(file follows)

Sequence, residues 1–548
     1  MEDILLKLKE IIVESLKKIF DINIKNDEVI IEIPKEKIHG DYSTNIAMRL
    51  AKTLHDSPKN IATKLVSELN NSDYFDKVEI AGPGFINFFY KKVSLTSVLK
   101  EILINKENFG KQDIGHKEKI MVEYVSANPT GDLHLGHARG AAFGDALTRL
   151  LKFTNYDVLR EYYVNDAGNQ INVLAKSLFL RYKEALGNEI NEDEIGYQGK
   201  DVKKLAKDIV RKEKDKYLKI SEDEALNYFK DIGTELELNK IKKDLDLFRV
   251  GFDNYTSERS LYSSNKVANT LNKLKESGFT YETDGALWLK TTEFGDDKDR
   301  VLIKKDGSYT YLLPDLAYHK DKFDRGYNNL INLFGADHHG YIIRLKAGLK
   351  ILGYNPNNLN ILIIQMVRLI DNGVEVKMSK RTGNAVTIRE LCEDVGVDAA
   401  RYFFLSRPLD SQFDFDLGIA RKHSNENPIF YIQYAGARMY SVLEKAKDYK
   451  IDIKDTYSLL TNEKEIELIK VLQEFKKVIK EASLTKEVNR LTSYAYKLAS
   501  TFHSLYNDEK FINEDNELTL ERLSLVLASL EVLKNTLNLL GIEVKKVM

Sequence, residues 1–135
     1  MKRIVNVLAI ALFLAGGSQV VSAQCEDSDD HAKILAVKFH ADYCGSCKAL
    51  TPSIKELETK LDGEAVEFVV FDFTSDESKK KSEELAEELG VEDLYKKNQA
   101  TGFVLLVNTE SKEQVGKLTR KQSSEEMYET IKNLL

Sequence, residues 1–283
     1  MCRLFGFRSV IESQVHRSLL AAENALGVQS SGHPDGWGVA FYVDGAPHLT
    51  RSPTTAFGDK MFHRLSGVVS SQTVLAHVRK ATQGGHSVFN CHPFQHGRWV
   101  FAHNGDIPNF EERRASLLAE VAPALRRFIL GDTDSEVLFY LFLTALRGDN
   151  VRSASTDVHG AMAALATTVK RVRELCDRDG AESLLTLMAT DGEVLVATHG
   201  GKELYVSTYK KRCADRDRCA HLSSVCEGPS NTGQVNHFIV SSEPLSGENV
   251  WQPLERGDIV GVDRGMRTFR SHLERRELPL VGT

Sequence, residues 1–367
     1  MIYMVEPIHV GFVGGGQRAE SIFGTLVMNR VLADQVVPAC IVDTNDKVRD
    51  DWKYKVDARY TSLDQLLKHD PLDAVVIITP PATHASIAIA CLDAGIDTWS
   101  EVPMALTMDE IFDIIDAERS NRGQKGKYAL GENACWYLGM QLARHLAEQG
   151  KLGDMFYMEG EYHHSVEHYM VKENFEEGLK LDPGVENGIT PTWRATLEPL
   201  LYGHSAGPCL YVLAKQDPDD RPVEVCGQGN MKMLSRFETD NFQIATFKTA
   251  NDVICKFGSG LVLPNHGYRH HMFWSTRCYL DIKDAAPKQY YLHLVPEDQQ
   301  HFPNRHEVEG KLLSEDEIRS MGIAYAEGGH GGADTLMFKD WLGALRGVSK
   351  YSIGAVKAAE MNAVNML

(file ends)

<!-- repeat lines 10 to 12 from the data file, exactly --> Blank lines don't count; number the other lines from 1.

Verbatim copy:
   401  RYFFLSRPLD SQFDFDLGIA RKHSNENPIF YIQYAGARMY SVLEKAKDYK
   451  IDIKDTYSLL TNEKEIELIK VLQEFKKVIK EASLTKEVNR LTSYAYKLAS
   501  TFHSLYNDEK FINEDNELTL ERLSLVLASL EVLKNTLNLL GIEVKKVM